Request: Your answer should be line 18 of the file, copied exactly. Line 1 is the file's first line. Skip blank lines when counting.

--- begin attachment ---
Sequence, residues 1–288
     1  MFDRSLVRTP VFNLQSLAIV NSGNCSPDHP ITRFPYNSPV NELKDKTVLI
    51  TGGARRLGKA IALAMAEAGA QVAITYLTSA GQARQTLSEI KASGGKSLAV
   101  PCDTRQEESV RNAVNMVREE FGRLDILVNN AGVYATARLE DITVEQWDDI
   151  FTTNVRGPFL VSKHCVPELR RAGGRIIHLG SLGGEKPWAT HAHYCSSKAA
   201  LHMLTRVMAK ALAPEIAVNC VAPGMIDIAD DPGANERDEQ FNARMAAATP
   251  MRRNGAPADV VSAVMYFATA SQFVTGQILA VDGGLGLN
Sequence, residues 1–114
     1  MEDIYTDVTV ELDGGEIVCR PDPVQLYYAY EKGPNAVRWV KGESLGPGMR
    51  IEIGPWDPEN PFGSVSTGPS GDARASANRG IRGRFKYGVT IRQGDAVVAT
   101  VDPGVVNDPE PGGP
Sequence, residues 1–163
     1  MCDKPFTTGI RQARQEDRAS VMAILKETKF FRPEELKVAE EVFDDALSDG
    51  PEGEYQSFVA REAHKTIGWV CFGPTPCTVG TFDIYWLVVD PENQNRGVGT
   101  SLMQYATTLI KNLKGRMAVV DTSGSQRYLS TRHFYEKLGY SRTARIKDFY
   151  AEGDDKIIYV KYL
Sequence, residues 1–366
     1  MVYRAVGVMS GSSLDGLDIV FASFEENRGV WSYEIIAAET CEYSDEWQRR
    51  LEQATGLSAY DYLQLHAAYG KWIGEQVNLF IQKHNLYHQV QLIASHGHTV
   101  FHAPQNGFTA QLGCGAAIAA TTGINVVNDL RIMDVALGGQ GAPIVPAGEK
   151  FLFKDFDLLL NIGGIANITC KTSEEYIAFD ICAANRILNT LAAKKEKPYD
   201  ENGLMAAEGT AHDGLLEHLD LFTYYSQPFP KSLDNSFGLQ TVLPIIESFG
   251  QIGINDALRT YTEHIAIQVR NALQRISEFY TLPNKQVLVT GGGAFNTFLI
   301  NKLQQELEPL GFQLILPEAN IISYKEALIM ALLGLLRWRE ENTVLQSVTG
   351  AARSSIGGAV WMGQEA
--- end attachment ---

     1  MVYRAVGVMS GSSLDGLDIV FASFEENRGV WSYEIIAAET CEYSDEWQRR